How Much More am I Going to Lose?


When someone dies, we lose not only them, but many things attached to them. The losses can pile up quickly. 

From the Grieving Heart:

Losing you wasn't a one-time thing. It goes on and on.

I can't watch some movies now. There are places I can't go and people that are hard for me to be with. Some foods and aromas set me off. I don't do some of what I used to, especially the things we did together. It seems like everywhere I go I get reminded of you.

I didn't only lose you, I lost most of what is connected to you. Your friends. Your interests. Your favorite foods and activities. Anything that surfaces memories of you is painful right now. You touched so much in my life. Everything even remotely connected to you brings tears. 

I'm a walking ball of grief. I can almost feel it oozing out of my pores onto the ground around me. I've lost so much that it's hard to figure out who am I.

I'm not who I was, I know that much. How much more am I going to lose?


Grief is never about one loss... 

Grief is never simply about one loss. When someone we love dies or leaves, the ripple effects begin. When one strand of our life-web is severed, the whole web reverberates with the shock. Some strands are stretched, while others might break. One loss leads to other losses.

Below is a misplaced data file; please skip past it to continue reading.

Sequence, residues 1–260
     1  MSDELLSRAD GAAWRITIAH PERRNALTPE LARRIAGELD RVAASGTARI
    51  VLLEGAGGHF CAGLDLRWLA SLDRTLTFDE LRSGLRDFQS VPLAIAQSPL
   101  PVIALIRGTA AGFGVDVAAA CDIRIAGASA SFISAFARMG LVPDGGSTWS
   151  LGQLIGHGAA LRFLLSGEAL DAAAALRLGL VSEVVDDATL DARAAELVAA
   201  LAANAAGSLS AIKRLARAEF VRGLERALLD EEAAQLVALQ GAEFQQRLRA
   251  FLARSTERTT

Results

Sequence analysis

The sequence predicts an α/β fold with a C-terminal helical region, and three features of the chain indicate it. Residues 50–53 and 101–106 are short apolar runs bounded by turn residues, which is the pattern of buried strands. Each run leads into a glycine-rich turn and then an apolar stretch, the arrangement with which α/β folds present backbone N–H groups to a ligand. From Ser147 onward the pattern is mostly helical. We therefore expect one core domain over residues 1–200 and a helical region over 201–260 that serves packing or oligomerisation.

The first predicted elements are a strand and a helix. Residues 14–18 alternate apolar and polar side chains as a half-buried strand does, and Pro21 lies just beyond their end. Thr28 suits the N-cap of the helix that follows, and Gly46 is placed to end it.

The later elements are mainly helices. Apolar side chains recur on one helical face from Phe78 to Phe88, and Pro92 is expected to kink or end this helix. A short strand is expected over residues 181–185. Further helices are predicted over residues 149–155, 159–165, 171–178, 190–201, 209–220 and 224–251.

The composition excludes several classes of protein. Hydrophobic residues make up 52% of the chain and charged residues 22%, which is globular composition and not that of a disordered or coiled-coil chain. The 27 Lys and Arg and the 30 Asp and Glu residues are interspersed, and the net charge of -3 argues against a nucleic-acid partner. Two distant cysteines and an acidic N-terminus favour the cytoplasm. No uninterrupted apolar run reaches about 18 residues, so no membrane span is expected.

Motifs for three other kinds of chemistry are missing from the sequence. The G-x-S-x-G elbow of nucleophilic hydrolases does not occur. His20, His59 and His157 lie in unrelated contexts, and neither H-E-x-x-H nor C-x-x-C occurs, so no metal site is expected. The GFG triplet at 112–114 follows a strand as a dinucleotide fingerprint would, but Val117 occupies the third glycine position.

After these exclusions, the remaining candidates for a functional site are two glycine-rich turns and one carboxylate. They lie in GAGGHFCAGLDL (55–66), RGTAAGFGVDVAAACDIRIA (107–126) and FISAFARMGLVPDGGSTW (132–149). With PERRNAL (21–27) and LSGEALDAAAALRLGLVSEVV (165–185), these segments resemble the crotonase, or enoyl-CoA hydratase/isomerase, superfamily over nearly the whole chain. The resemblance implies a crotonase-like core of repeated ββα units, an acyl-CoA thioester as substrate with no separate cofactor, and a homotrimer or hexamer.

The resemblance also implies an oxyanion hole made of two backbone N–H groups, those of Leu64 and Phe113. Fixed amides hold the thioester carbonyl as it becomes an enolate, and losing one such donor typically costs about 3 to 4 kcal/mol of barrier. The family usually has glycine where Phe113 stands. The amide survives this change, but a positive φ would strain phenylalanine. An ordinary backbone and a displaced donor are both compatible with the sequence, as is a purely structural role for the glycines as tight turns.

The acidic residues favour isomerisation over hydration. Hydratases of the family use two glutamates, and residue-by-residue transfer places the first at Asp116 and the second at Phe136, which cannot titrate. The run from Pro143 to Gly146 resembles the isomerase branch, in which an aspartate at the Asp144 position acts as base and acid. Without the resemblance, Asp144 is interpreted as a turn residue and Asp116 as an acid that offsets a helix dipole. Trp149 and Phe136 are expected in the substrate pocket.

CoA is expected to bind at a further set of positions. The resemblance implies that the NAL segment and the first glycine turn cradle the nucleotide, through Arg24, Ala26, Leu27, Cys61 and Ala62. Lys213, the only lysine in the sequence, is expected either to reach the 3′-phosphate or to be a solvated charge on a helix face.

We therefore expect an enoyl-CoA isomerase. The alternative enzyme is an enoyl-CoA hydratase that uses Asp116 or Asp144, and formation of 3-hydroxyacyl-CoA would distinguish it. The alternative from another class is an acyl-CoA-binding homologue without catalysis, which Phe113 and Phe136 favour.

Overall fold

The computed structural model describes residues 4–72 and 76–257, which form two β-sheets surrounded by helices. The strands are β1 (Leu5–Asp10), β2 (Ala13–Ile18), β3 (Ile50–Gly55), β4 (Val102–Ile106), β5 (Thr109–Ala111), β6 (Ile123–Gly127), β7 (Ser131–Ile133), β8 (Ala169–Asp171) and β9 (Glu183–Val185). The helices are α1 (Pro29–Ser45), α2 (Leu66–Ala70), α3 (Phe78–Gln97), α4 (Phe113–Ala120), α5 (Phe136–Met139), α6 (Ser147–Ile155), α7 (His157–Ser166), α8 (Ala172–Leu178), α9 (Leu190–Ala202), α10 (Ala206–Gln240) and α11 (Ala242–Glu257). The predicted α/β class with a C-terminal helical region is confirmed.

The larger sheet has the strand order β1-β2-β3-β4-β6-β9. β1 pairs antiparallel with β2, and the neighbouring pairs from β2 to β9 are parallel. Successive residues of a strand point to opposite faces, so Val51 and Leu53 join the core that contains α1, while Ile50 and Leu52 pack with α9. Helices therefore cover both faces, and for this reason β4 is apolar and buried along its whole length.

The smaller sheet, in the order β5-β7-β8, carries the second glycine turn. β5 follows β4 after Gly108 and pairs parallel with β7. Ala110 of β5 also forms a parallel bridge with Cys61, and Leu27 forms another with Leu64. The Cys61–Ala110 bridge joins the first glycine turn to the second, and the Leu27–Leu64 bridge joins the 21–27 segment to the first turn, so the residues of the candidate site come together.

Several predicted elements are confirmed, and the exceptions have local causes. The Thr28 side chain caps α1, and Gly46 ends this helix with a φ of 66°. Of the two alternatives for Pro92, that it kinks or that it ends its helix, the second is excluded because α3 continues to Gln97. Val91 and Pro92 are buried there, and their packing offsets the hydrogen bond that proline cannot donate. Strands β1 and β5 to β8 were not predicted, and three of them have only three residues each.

If the loss is close and deep enough, a majority of our life might be affected. Some call this collateral damage. The result is that we not only grieve the departure of the person but of many other things as well. 

Certain places, people, events, activities, foods, smells, and music can now pack a grief punch. Anything can be an emotional trigger. 

The goal is not to avoid potential triggers, but rather find healthy ways to handle such situations when they arise. Realistically, much of life may remind us of our loss, so finding ways to grieve well amid routine daily life is important. 

Rather than trying to figure out what's happening - which is difficult during moments of heavy emotion – we can simply try to feel what comes and be honest with our own hearts. We let the grief come, as much as we can, given where we are and who we're around. 

People touch us in so many ways. Grieving their loss is an on-going, up-and-down process. 


Affirmation: I not only lost you but much of what was attached to you. I will try to be kinder to myself because this is hard. 

 Adapted from the newly released, Comfort for Grieving Hearts: Hope and Encouragement in Times of Loss. 




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About the Author

Gary Roe is an author, speaker, and chaplain with Hospice Brazos Valley. He is the author of the award-winning bestsellers Shattered: Surviving the Loss of a Child, Please Be Patient, I'm Grieving, HEARTBROKEN: Healing from the Loss of a Spouse, and Surviving the Holidays without You and the co-author (with New York Times Bestseller Cecil Murphey) of Saying Goodbye: Facing the Loss of a Loved One. Visit him at

I'm Grieving, Now What?